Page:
Equally, the practical process of making bread fits well with the directive to stay at home. Baking a basic loaf isn’t labour intensive: overall the prep takes less time than watching an episode of Bake Off. But it does require you to be in one place for several hours ready to intervene at the right moment in the various stages of kneading, proofing and baking. The rhythm of bread making can feel impossible to square with the frenetic pace of modern life. But when schedules vanish overnight, the opposite is true – making bread can create a structure and routine (which is one of the reasons it is often taken up by people – men in particular – when they retire). Arguably making bread in the current crisis is less about filling time, and more a response to an altered sense of time. It is a slow activity at a moment when the repercussions – and potential benefits – of slowing down have become a subject of intense discussion.

One of the author’s amateur attempts at home bread-making
One of the author’s amateur attempts at home bread-making under lockdown. Image credit: Catherine Flood

Image

In another sense, however, bread-making is feeding the familiar pressure to always be producing, consuming, and communicating. Because we’re not just baking loaves, we’re photographing them and posting them on Instagram. A friend of mine recently uploaded a video of himself squeezing orange ‘Easy Cheese’ from a tube onto a salty cracker, captioned ‘Some of my friends are making sourdough…”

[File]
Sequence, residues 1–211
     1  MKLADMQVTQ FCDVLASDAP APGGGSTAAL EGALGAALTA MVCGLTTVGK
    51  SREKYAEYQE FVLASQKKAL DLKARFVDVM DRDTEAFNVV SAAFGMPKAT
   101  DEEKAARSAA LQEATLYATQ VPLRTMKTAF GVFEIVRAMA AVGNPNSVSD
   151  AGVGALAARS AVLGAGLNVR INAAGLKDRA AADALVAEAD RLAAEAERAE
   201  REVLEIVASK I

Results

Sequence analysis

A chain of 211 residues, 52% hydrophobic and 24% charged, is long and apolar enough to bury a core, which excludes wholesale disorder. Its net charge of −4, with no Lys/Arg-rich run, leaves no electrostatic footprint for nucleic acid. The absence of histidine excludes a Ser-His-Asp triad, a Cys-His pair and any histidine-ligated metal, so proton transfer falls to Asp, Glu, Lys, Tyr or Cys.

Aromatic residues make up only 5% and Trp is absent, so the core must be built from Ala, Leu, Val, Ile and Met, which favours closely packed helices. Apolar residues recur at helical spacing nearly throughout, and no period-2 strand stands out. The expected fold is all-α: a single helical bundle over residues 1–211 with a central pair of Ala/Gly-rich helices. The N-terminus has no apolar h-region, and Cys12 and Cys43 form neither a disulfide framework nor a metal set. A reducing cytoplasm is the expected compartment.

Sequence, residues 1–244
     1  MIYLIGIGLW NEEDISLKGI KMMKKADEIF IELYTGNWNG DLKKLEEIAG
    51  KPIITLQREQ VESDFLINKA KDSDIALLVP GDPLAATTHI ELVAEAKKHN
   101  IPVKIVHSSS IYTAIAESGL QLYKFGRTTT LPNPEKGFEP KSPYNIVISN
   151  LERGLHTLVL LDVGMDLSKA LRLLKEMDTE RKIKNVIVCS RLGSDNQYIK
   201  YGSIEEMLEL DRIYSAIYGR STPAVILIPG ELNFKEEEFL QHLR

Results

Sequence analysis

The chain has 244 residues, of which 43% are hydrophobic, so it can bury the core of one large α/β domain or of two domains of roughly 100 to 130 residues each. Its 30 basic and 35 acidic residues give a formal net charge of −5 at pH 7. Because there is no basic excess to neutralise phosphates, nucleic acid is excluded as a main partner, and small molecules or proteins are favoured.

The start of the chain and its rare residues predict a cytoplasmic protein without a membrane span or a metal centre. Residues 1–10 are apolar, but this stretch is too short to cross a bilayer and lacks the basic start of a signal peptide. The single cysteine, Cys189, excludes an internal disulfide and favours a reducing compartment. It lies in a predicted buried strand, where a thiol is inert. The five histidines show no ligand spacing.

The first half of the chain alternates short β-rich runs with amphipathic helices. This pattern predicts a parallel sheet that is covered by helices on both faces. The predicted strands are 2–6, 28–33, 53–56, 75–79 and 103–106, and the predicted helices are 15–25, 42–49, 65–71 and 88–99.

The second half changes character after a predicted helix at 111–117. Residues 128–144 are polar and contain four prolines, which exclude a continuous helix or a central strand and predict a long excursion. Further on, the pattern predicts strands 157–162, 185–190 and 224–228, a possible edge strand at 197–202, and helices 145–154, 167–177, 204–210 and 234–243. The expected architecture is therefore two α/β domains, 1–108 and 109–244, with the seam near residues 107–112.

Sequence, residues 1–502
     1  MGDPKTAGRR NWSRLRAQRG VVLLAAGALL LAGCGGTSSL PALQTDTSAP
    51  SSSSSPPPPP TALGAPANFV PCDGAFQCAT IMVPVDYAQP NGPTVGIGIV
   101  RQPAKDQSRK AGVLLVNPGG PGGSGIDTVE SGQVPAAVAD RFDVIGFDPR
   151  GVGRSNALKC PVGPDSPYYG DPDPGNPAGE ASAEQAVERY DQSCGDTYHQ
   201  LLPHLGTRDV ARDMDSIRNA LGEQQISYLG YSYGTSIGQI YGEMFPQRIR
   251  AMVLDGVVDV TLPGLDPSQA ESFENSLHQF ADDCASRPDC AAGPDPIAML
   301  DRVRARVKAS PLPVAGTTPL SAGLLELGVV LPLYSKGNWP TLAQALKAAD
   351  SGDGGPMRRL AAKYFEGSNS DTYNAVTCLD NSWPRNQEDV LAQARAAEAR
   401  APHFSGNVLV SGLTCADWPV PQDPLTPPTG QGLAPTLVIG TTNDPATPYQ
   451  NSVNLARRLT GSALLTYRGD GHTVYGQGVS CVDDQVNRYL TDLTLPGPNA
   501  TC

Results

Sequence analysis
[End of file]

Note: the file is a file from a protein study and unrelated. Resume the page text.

It was a pointed comment on how baking bread, especially complex sourdoughs, has become a favoured method of showing the world that you are having a ‘productive lockdown’. With so many activities commonly used for communicating status and identity via social media suspended, others are taking their place. According to Andrew Potter, author of the Authenticity Hoax, when you share images of your sourdough efforts, you are signalling that you have the privilege and resources to develop new skills during lockdown as opposed to simply surviving. The issue of inequality becomes even clearer when we consider that the sudden boom in recreational baking means that workers packaging flour for retail are having to work overtime on factory lines now operating 24 hours, seven days a week.